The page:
Danger of sleeping pills

Posted by on Sep 11, 2010 | Leave a Comment

One should sleep at least for seven to eight hours daily to maintain a good health. Today many people are facing problem to get a restful sleep that is why they are addicted on sleeping tablets, which are very dangerous for their health. Intake of a pill, for a good night’s rest seems a small price but in the long-term the cost could be far greater. People who take sleeping pills are a third more likely to die prematurely than those who do not.

Sleeping Pills

These pills can be extremely dangerous to people with certain medical conditions, such as psychosis, breathing problems and heart disease, also at the same time even for those with no medical health problems, sleeping pills can be dangerous and highly addictive. It is also very harmful for people with chronic insomnia. Insomnia is a phase whereby people feel that their sleep had been inadequate. It can help reduce insomnia in special situations. These pills are not advisable in case of pregnant women, children and people suffering from liver problem.

The danger of taking sleeping pills is that these pills, in the vast majority, are habit forming. One can become dependent on the tablets within just two weeks of starting to take the pills, which many people are taking unnecessarily. After a certain time of use, we would need to increase the dose to get the same effect; we could continue to increase the dose to unacceptable levels. That is something that we call “tolerance”, and can happen with sleeping pills. Especially the intake of sleeping pill for an adult increases the risk of night time falls and injury, if they happen to get up in the middle of the night to go to the toilet, which is extremely common.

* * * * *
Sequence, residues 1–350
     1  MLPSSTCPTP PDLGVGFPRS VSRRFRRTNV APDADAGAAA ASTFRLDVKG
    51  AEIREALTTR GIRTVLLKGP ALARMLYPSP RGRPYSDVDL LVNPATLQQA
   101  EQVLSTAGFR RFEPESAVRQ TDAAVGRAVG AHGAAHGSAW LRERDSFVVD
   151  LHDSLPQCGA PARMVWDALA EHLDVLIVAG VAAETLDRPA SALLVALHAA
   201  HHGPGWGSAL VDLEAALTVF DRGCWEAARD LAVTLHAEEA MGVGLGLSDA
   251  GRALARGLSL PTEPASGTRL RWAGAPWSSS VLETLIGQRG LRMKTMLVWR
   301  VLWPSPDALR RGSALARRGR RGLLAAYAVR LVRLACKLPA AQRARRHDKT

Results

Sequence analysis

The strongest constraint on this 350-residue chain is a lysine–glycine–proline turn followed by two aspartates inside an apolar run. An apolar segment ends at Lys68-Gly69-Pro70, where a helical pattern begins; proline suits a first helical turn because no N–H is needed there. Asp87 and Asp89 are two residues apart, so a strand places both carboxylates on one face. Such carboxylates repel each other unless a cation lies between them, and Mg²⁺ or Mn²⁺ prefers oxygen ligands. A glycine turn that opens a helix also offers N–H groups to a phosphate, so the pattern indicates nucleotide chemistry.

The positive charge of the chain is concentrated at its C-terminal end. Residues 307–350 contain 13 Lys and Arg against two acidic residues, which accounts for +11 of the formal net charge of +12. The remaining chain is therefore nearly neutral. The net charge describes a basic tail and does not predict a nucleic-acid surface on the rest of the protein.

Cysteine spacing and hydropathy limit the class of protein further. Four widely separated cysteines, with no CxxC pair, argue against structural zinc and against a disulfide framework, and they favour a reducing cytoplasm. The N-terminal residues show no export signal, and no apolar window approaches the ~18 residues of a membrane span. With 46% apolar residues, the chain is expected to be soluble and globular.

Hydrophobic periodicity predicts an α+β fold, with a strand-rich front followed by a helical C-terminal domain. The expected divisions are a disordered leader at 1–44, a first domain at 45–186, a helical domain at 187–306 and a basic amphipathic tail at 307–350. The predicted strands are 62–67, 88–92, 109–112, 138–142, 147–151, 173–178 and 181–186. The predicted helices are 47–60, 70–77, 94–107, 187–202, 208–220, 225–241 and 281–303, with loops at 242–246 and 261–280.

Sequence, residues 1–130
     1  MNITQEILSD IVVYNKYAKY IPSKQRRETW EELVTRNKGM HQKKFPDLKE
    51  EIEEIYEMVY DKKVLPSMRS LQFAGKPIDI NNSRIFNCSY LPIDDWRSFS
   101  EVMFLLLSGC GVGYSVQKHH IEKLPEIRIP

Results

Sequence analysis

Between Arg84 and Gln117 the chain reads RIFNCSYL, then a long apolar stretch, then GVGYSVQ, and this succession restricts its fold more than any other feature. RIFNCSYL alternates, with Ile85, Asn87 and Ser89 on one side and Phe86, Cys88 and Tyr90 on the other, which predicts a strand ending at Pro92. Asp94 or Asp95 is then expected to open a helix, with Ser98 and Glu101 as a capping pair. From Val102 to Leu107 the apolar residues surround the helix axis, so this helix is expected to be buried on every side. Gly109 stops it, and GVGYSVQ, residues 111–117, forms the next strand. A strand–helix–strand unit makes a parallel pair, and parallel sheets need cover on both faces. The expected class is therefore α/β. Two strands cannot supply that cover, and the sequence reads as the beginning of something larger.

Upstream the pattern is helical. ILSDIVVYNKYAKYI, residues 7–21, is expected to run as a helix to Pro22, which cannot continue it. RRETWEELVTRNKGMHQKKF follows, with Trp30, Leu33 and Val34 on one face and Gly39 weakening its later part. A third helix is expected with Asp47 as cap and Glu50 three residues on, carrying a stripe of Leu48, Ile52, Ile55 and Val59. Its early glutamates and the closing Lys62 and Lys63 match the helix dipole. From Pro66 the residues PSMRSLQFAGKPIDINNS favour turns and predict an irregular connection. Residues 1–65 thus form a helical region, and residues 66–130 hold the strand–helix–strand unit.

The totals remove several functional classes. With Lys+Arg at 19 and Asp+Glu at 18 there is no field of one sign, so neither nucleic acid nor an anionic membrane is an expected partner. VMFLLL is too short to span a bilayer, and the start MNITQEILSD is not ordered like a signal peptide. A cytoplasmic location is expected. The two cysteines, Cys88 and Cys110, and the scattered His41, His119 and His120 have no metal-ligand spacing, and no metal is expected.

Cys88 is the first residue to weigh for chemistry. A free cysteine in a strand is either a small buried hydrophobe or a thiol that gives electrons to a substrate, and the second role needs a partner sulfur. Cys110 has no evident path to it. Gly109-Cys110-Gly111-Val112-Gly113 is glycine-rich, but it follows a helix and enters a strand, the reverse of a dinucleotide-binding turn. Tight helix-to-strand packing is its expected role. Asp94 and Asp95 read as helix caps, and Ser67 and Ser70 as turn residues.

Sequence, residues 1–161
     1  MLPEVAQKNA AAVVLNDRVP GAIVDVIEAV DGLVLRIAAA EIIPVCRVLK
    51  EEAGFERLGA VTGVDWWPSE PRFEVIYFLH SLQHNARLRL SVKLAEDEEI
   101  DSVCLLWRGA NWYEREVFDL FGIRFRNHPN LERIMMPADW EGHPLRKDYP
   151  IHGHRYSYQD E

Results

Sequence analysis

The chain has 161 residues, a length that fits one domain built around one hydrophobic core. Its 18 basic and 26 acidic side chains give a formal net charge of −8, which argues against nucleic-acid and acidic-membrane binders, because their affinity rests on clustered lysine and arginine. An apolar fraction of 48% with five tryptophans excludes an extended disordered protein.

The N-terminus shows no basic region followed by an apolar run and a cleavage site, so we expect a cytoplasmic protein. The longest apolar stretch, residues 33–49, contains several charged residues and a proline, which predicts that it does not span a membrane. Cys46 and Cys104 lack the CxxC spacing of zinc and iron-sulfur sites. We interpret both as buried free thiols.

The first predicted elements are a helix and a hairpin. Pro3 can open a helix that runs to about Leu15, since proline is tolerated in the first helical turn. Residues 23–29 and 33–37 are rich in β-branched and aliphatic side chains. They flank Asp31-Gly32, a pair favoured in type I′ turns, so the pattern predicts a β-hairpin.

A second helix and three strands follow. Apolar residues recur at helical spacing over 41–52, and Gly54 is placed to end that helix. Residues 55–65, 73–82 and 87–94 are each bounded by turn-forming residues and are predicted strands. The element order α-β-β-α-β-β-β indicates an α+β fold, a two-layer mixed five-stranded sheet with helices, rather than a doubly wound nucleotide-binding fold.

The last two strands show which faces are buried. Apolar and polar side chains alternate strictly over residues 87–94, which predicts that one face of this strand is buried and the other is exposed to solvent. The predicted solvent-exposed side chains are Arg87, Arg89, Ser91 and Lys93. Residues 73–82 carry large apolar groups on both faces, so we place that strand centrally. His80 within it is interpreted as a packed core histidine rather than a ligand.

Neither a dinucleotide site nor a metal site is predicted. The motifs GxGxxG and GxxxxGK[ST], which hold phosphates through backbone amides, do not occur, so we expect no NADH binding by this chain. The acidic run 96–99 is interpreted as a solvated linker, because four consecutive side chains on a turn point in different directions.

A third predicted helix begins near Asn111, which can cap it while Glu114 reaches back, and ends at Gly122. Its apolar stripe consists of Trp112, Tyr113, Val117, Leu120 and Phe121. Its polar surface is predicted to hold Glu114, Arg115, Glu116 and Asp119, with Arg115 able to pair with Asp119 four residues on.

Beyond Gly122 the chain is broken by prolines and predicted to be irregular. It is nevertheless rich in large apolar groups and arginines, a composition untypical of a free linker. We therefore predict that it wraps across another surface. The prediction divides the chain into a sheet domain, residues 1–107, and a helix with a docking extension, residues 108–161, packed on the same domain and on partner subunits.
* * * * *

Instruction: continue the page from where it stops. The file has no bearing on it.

MIND (Medical Investigation of Neurodevelopmental Disorders), warns that withdrawal symptoms of sleeping pills can be severe, ranging from trembling and the shakes to hallucinations, paranoia and epileptic fits. They advise people to avoid drinking tea, coffee and alcohol before they go to bed; not eating earlier in the evening; taking sufficient exercise and not reading or watching TV in bed, as this can encourage you to stay awake. MIND encourages the public to switch to natural alternatives to sleeping pills and to make lifestyle changes to fight with sleeping problems and depression.

Researcher Genevieve Belleville of the Laval University in Quebec, Canada said: “These medications aren’t candy and taking them is far from harmless.” Dr Belleville analyzed 12 years of data on more than 12,000 Canadians. When all other factors were equal, death rates were found to be significantly higher among sleeping pill users and those taking tablets to ease anxiety.

The US Food and Drug Administration (FDA) is asking manufacturers of sedative-hypnotic sleeping pills to warn consumers and health professionals about potential risks like sleep-driving, anaphylaxis, cooking and eating food, and making phone calls while asleep. The FDA defines sleep-driving as “driving while not fully awake after ingestion of a sedative-hypnotic product, with no memory of the event”. FDA concluded that labeling changes are necessary to inform health care providers and consumers about risks”.

For a person already suffering from other chronic disease like COPD, diabetes, etc Sleeping pills become more complicated. The following are the effects of sleeping pills overdose.

  • Low blood pressure
  • Seizures
  • Loss of memory
  • Respiratory disorders
  • Slow pulse rate
  • Pneumonia
  • Difficulty in breathing
  • High blood pressure
  • Lack of judgment
  • Lack of co-ordination
  • Anxiety
  • Sleeping Pills Side Effects

The side effects of sleeping pills depend on the type and dosage.They are as follows:

  • Fatigue
  • Dizziness
  • Burning sensation in joints
  • Vertigo
  • Heartburn
  • Confusion Headache
  • Dry mouth
  • Diarrhea
  • Loss of appetite
  • Constipation
  • Weakness

Types of sleeping pills

There are mainly two groups of sleeping pills:

  1. Benzodiazepams (such as Halcion, Normison, Loramet, Dormicum, Dormonoct and Hypnor)
  2. The new generation of non-benzo diazepams (such as Stilnox and Imovane).